Fall 2023 | Vin Bui

In the previous chapter, we learned what views are and how to create views in UIKit. We also learned how to use AutoLayout to position our views on the screen. However, our views contained hard coded data and did not have any functionality at all. When we create apps, we want our views to respond and update to user interactions.

MVC (Model-View-Controller) is a software design pattern which is a set of rules that govern the architecture that we follow when writing our code. There are other design patterns out there such as MVVM (Model-View-ViewModel) but we will be using MVC throughout this course. To better understand MVC, let’s take a deeper look at each component.


Models are objects that represent our application’s data. Let’s look at an app we are familiar with, Eatery. The models in Eatery are the dining halls, the dishes and food items, the user’s information, etc. In other words, models contain information about our application and are often updated based on user interaction or from a backend service.

Classes vs Structs

Notice that we often use structs instead of classes when representing our models. The difference between these two is that structs are value types whereas classes are reference types. What this means is that if we were to change a property of an instance of a struct, the entire instance changes. On the other hand, if we change a property of an instance of a class, the instance does not change.

For example, consider a User model with the property name. For a class object (reference type), if we changed the value of name, all locations that have a reference to that object have the new updated value for name. If this were to be a struct object (value type), changing the value of name in one location DOES NOT update other locations because a new instance is being created. We can think of reference types as sharing a Google Doc with other collaborators. If one person were to change something on their side, the others would be able to see those changes. For structs, we can think of it as making a copy of the Google Doc.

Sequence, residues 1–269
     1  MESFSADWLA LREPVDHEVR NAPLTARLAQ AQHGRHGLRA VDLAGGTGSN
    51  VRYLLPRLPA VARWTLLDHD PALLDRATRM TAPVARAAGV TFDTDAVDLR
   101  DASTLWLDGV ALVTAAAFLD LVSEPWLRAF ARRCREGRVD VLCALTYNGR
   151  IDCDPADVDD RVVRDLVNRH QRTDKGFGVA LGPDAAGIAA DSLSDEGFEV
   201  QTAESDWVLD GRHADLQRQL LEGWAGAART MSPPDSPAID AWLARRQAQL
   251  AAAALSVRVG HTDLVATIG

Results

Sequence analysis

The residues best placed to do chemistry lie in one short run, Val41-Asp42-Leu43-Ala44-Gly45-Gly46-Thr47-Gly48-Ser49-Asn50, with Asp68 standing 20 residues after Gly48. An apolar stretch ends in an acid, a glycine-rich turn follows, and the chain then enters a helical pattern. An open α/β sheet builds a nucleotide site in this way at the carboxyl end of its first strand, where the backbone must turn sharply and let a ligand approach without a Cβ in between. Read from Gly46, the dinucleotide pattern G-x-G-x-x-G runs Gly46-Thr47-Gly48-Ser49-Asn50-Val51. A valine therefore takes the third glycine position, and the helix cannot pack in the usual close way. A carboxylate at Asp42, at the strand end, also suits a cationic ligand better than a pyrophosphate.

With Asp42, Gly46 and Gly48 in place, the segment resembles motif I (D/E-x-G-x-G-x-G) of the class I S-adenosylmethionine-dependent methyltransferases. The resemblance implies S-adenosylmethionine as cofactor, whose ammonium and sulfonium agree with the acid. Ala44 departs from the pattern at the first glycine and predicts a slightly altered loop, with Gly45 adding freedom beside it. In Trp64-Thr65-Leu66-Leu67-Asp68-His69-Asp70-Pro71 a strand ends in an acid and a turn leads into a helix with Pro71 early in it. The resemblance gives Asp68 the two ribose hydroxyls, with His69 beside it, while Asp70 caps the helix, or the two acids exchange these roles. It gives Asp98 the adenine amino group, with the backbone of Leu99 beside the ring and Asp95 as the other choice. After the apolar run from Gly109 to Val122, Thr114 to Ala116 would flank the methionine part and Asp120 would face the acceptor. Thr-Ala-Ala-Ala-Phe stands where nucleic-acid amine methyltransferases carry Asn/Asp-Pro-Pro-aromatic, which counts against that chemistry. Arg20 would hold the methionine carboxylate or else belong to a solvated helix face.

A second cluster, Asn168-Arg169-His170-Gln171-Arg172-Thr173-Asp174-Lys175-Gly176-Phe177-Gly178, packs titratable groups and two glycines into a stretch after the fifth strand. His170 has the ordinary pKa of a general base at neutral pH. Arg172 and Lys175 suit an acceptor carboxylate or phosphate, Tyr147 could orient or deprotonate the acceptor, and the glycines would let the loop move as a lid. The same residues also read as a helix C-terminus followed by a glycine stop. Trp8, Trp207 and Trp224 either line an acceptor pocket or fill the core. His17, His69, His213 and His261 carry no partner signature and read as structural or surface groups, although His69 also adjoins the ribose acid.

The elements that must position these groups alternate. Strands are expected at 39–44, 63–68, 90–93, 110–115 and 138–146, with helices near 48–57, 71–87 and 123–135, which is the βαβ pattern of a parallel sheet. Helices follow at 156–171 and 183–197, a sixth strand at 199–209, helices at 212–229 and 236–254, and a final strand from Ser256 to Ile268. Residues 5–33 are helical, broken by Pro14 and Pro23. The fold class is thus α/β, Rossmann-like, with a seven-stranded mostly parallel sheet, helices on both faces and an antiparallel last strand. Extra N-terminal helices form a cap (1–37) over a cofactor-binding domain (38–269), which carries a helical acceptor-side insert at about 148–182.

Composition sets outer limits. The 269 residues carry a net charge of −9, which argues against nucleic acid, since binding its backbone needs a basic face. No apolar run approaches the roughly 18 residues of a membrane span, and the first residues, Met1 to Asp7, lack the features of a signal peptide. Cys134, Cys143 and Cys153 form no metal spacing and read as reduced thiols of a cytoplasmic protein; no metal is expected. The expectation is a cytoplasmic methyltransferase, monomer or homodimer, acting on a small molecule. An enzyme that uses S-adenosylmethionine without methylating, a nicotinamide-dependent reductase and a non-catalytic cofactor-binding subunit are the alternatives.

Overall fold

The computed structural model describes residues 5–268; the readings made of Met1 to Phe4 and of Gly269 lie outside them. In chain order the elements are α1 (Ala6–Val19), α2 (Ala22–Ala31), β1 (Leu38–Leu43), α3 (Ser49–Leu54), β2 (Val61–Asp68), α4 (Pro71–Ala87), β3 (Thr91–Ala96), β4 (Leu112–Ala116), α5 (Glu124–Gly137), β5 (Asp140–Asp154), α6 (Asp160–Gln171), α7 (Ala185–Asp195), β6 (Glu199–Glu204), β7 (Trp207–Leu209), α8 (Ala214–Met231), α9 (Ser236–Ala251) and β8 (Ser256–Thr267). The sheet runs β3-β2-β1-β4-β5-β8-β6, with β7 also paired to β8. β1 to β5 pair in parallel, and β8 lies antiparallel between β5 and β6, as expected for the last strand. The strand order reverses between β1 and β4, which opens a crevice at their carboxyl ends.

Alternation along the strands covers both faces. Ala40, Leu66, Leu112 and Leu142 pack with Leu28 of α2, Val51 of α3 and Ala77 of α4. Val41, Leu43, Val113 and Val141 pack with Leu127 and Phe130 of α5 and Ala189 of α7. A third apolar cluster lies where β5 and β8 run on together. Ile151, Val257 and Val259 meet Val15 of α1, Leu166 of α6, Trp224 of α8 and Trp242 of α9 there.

One advantage of using a class is inheritance. In other words, we can use properties and methods already defined by a parent class, commonly seen in UIKit. However, there are times when we don't need to use all of these properties and methods, making structs more preferable. This is commonly seen in SwiftUI and why using structs is a lot faster than classes.


Views are the visible components that are used to build the user interface (UI). This includes buttons, labels, images, etc. In Eatery, everything we see is a view. For example, the name of the dining hall is a UILabel which contains information from the dining hall model. We don’t see models. We see views that contain information from the models.


Controllers belong in the middle between models and views. The main goal of a controller is to establish a connection between models and views. The controller is also in charge of processing the logic to update the models and views. For example, in Eatery, there is a User model that represents the logged in user. When we sign in, we are interacting with views. How does the model update based on what we passed into the text field? Well the controller handles that logic. If we provided the correct credentials, it will modify the models and update the views such as showing a logout button. If we provided invalid credentials, then the controller will still update the view and show a red error message.

Putting everything together

One important thing to keep note of is that views and models are separate. They cannot directly interact with each other, but rather, they must go through a controller to make that connection.

We can think of MVC as watching television: the TV is the view, the remote is the controller, and the channels/content is the model. How does the TV (view) change the channel (model)? It can’t! We must use a remote (controller) in order to do that. When we change channels using the remote, we made changes to the model and tell the TV to update its view.

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